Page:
NK Cells Augment Oncolytic Adenovirus Cytotoxicity in Ovarian Cancer.
Leung EYL., Ennis DP., Kennedy PR., Hansell C., Dowson S., Farquharson M., Spiliopoulou P., Nautiyal J., McNamara S., Carlin LM., Fisher K., Davis DM., Graham G., McNeish IA.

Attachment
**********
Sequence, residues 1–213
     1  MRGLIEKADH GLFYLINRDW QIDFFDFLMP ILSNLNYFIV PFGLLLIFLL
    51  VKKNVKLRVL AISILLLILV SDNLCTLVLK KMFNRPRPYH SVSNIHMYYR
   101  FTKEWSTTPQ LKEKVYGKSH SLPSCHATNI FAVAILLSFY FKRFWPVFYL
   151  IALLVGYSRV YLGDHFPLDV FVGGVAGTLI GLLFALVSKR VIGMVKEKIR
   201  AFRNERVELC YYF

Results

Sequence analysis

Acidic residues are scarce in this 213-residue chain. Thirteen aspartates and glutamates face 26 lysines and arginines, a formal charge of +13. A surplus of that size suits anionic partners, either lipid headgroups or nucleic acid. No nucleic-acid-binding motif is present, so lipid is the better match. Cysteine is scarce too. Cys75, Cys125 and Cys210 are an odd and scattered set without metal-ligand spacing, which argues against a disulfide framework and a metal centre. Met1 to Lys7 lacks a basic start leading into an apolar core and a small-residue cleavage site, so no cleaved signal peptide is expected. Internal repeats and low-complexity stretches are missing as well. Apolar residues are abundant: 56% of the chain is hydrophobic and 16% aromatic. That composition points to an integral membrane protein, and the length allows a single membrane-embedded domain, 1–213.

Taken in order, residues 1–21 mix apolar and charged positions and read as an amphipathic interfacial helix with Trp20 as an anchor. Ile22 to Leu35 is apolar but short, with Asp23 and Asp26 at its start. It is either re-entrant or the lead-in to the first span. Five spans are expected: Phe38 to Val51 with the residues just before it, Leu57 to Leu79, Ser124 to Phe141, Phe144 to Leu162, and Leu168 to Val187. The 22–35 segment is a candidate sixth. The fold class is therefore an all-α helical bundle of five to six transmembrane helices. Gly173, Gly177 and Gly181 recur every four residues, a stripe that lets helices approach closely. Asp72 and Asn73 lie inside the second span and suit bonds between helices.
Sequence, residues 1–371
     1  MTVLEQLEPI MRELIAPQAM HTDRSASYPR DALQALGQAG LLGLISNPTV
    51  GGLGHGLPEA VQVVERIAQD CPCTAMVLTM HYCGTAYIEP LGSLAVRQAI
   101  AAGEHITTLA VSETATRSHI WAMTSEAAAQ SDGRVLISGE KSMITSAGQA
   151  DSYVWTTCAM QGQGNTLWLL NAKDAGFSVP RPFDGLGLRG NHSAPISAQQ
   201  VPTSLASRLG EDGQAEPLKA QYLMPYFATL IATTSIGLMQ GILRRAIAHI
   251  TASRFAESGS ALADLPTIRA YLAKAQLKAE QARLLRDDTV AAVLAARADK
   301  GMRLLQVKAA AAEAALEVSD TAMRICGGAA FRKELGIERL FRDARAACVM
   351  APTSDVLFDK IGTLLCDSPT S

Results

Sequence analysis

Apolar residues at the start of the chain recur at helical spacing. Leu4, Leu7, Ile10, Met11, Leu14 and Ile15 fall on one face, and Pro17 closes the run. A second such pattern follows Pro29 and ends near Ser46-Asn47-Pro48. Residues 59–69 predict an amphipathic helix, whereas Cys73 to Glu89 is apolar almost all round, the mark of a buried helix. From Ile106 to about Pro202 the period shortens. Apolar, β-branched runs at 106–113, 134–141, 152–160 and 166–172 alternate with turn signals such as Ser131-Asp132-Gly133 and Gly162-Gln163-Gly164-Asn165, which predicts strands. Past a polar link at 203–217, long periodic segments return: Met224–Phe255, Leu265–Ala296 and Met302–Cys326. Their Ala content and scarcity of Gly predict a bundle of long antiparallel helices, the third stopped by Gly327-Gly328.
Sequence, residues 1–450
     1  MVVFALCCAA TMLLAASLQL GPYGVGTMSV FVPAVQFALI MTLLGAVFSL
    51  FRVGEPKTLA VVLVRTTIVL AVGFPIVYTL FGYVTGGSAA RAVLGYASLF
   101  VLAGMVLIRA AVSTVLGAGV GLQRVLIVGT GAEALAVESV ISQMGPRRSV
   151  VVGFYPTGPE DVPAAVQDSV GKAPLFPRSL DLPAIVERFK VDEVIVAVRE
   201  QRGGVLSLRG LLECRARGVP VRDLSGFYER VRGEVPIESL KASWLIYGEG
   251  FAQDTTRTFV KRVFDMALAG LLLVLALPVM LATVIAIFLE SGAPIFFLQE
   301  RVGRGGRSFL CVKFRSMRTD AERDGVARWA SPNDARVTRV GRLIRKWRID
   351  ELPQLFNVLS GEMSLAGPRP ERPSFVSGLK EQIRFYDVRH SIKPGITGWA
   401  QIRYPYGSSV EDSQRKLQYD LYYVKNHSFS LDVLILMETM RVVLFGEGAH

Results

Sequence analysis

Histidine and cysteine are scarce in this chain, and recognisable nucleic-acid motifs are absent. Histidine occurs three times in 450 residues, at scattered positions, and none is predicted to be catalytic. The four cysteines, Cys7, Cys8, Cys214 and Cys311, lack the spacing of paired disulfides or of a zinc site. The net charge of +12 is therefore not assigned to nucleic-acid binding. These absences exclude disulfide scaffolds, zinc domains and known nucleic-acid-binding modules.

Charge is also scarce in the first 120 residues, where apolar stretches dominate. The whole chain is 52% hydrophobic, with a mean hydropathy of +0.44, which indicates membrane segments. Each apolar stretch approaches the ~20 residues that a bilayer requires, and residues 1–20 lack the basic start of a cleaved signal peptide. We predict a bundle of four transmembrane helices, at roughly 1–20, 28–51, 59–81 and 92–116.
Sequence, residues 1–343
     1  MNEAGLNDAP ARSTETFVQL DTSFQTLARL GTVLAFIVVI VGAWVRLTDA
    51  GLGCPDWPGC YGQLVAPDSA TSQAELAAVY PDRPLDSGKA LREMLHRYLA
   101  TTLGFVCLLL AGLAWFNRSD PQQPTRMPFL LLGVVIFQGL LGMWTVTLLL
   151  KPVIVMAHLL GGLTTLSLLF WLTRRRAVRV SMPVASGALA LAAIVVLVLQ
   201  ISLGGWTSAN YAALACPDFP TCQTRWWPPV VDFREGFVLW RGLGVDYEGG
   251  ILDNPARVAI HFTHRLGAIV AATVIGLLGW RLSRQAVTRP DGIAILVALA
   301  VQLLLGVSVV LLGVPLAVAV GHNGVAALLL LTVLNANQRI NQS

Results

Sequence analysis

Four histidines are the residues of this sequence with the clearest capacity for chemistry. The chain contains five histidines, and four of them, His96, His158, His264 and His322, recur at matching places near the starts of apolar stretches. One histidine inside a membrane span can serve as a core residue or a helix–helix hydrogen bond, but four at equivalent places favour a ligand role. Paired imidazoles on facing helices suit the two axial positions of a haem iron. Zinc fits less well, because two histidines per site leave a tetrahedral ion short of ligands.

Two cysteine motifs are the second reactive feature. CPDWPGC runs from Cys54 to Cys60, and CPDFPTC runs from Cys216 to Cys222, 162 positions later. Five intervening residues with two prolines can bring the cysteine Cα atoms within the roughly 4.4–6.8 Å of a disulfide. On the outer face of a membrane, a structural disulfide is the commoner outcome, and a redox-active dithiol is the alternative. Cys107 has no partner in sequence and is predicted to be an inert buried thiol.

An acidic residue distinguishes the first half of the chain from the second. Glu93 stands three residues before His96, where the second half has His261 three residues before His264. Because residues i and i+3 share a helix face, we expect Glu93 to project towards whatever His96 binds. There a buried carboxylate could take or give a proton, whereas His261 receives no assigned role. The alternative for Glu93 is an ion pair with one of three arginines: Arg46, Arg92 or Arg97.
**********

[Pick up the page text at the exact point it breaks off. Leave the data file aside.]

Oncolytic viruses (OVs) can trigger profound innate and adaptive immune responses, which have the potential both to potentiate and reduce the activity of OVs. Natural killer (NK) cells can mediate potent anti-viral and anti-tumoral responses, but there are no data on the role of NK cells in oncolytic adenovirus activity. Here, we have used two different oncolytic adenoviruses-the Ad5 E1A CR2-deletion mutant dl922-947 (group C) and the chimeric Ad3/Ad11p mutant enadenotucirev (group B)-to investigate the effect of NK cells on overall anti-cancer efficacy in ovarian cancer. Because human adenoviruses do not replicate in murine cells, we utilized primary human NK cells from peripheral blood and ovarian cancer ascites. Our results show that dl922-947 and enadenotucirev do not infect NK cells, but induce contact-dependent activation and anti-cancer cytotoxicity against adenovirus-infected ovarian cancer cells. Moreover, manipulation of NK receptors DNAM-1 (DNAX accessory molecule-1) and TIGIT (T cell immunoreceptor with Ig and ITIM domains) significantly influences NK cytotoxicity against adenovirus-infected cells. Together, these results indicate that NK cells act to increase the activity of oncolytic adenovirus in ovarian cancer and suggest that strategies to augment NK activity further via the blockade of inhibitory NK receptor TIGIT could enhance therapeutic potential of OVs.